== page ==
We have so far had three panel discussions beginning with the existential question of 'When are we old enough?'. The talk was well-received, and the Q&A slot turned into a counselling session in which our audience was asking us, 17-18-year-olds, for advice. Based on feedback received, and the pro-bono counselling session we had conducted, we were convinced that we were indeed old enough, and having set a good precedent, ventured into our second discussion regarding youth in activism - 'There is a bit of 'Greta' in us'. The panellists were domain (youth) experts in various fields - politics, women's rights, education and the student community. The panel spoke about the relevance of youth in activism, why they do what they do, its effectiveness, challenges, drawbacks, victories and more. The third episode dealt with screens, a ubiquitous item, especially in the pandemic stricken world. From parents forcing their little ones to restrict screen time to now forcing them to stare at a screen all day long in lieu of online classes, the panel spoke about the usage of screens - it's benefits, challenges, the role of short-form content, reduced attention span, misinformation due to social media etc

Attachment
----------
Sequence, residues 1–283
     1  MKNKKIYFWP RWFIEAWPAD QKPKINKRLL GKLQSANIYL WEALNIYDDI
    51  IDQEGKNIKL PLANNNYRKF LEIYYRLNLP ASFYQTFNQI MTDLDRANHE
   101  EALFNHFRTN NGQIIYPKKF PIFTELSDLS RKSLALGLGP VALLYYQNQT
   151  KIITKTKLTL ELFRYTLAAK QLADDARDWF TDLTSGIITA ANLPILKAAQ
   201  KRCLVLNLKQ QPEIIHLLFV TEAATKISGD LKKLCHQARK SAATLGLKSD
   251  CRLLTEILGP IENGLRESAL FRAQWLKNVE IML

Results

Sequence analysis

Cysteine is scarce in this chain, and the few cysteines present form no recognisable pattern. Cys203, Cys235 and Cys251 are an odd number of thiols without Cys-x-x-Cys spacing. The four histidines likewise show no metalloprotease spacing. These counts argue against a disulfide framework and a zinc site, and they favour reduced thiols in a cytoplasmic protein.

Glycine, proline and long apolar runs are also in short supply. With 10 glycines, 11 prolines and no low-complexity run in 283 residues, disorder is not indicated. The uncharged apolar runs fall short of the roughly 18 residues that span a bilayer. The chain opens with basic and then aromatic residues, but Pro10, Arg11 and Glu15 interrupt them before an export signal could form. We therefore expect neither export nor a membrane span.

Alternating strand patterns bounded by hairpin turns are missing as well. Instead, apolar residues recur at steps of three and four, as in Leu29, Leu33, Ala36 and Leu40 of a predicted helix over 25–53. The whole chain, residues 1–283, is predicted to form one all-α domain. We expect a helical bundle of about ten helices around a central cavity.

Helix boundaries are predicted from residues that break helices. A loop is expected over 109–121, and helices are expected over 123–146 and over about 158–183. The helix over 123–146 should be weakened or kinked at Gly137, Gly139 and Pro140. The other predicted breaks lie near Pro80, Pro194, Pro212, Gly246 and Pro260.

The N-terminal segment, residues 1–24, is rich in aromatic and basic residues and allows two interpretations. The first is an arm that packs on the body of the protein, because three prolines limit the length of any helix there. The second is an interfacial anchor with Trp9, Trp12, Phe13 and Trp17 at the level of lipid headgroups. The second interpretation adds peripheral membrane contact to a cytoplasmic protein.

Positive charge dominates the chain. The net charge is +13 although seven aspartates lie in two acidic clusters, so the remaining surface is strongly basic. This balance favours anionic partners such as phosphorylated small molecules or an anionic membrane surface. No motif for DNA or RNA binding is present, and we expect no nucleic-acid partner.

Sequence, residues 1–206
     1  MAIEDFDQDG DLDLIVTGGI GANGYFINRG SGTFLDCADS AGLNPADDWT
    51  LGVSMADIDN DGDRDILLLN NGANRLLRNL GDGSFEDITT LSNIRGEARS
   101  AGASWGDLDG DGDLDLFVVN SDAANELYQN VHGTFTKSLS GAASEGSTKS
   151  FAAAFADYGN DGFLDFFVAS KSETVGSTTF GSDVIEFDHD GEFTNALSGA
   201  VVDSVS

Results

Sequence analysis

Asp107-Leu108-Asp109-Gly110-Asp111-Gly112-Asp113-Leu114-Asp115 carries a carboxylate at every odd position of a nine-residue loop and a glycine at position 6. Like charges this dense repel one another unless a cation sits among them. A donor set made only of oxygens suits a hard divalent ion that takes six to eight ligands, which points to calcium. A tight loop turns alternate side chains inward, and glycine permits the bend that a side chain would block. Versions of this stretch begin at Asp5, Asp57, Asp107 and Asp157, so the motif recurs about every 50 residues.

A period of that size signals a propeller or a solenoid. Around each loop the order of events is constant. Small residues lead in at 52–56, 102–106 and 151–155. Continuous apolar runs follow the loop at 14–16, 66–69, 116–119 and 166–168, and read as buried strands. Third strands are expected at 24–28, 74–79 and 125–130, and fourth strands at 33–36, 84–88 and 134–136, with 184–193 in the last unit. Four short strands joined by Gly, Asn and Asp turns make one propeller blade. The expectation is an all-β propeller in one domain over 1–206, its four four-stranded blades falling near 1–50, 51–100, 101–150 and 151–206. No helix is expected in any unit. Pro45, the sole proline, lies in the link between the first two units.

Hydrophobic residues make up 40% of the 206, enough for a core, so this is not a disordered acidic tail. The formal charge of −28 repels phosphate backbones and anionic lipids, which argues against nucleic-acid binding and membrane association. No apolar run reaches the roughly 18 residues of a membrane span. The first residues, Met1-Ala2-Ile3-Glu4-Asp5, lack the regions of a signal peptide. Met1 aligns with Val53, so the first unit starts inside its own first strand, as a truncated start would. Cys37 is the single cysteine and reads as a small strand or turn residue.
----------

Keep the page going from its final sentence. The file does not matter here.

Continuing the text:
BIC adapting to the changing times with a venue  + virtual event in which 1 panellist tuned in from Kolkata while the rest were at the BIC in Domlur, Bangalore

The series so far has been interesting, to say the least. What I am most proud of is the ability of people my age to articulate straightforwardly and maintain a sense of dignity while presenting themselves on a public platform. Credit must also be given to the BIC for not only listening to a random 18-year-old rant about how the youth should be included in public spaces but also act on it and launch the series. It has given me an opportunity to dabble as a moderator, besides being the ideator and catalyst.